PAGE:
Biomedical Engineering Reference
In-Depth Information
Chapter 5
Noninvasive Prenatal Diagnosis
Prenatal diagnosis is important part of obstetric practice (Tounta et al. 2011 ).
Traditionally, fetal DNA is obtained by invasive techniques, namely, amniocentesis
and chorionic villus sampling. Such invasive procedure leads to a miscarriage rate
of about 1 % and is reserved only for high risk pregnancies for specifi c genetic con-
ditions which include fetal chromosomal aneuploidies and monogenic disorders
with relatively high prevalence in the relevant populations. The ultimate goal for
early prenatal diagnosis, while decreasing the miscarriage rate, is to employ nonin-
vasive testing using maternal peripheral blood as a source of fetal genetic material
(Tounta et al. 2011 ). Multiple studies indicate that both intact fetal cells and cell-
free fetal nucleic acids (cffNA) cross the placenta and can be found in the maternal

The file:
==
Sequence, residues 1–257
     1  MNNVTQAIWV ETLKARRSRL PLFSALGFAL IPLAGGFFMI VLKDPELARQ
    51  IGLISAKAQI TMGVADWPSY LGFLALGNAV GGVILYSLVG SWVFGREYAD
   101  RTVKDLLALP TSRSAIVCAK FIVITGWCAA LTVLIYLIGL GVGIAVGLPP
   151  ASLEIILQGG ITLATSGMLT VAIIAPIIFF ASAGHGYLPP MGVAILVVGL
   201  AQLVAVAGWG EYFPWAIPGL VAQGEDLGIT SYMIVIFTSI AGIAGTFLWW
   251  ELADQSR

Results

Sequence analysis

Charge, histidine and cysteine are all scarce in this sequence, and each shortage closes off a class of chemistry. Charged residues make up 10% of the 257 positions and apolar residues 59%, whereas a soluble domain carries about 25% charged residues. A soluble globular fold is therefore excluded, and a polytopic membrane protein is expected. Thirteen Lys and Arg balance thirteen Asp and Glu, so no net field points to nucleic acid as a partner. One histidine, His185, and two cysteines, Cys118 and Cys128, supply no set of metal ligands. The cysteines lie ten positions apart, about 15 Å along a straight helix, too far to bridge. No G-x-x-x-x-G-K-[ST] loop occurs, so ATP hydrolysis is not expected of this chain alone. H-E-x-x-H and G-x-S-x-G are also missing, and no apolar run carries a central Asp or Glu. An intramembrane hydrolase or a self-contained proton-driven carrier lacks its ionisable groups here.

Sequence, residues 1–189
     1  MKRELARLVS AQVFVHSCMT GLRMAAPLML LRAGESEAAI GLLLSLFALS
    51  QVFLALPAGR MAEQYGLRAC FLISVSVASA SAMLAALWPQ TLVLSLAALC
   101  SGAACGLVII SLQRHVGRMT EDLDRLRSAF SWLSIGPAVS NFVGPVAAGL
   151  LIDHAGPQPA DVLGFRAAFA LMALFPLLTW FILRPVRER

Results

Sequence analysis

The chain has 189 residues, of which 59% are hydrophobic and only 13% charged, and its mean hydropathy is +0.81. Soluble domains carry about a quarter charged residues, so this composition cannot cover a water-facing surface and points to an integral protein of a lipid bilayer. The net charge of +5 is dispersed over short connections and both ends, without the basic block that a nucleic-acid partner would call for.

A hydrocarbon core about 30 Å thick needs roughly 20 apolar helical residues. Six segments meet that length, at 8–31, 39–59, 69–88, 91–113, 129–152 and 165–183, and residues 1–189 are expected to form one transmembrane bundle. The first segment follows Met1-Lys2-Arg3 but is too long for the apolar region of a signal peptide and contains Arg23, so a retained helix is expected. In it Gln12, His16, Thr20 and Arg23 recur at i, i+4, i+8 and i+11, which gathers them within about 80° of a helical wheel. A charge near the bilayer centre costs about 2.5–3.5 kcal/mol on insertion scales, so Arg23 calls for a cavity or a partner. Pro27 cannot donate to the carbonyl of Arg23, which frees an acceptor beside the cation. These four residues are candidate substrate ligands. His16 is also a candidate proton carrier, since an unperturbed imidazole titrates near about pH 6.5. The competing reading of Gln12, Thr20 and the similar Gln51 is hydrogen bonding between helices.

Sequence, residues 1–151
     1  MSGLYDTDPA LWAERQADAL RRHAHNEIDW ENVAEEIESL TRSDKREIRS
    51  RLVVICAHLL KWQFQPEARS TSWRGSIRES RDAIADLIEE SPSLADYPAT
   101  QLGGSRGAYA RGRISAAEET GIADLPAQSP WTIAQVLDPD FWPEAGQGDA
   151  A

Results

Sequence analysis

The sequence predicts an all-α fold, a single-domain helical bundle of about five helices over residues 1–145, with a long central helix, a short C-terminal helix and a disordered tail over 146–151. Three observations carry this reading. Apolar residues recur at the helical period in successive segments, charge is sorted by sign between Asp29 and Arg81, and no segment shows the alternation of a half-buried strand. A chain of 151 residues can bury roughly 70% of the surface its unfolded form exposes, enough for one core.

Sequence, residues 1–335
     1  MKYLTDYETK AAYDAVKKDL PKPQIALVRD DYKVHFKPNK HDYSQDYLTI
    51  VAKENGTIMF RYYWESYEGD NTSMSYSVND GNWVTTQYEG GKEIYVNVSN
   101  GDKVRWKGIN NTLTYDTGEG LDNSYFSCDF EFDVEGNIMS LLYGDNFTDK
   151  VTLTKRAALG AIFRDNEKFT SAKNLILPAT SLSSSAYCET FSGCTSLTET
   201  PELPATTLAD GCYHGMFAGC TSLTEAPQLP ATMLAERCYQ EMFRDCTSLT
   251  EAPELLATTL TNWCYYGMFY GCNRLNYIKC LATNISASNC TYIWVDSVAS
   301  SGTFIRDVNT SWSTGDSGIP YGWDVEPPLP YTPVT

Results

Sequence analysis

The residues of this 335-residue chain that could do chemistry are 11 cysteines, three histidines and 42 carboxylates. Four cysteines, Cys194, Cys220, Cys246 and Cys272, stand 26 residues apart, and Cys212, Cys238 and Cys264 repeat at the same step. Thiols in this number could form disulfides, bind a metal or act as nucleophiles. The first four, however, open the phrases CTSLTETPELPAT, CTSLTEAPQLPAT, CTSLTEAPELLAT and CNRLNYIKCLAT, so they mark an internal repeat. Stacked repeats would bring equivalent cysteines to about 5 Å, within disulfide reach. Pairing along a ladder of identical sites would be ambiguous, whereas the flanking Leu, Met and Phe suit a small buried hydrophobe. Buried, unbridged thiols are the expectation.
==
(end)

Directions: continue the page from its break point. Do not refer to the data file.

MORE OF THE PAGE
circulation. Intact fetal cells present an attractive target for noninvasive prenatal
diagnosis (NIPD) of fetal chromosomal abnormalities (Lo et al. 1996 ). Isolation and
analysis of fetal cells from maternal circulation have been extensively investigated
and several methods for fetal cell enrichment have been developed (Bianchi 1999 ;
Jackson 2003 ; Sekizawa et al. 2007 ). However, due to the lack of cells in the mater-
nal circulation and low effi ciency of enrichment methods results have not been
promising. In addition, it has been challenging to perform Fluorescent In Situ
Hybridization (FISH) because of the presence of apoptotic nuclei of fetal cells
(Bianchi et al. 1997 ).
In 1997, Lo et al. reported the presence of cell-free fetal DNA (cffDNA) in
maternal plasma and serum in amounts signifi cantly increased, as compared to fetal
DNA extracted from the cellular fraction of maternal blood (Lo et al. 1997 ). This
discovery rapidly paved the way for the detection of paternally inherited alleles in
maternal blood, including, most notably, Rh D blood group, fetal sex, and single-
gene disorders. For more than a decade now, NIPD has been used routinely for
pregnancies in which paternally inherited alleles require detection because their
inheritance would indicate a clinical condition, such as hemolytic disease of the
fetus and newborn, congenital adrenal hyperplasia, and hemophilia (Avent et al.
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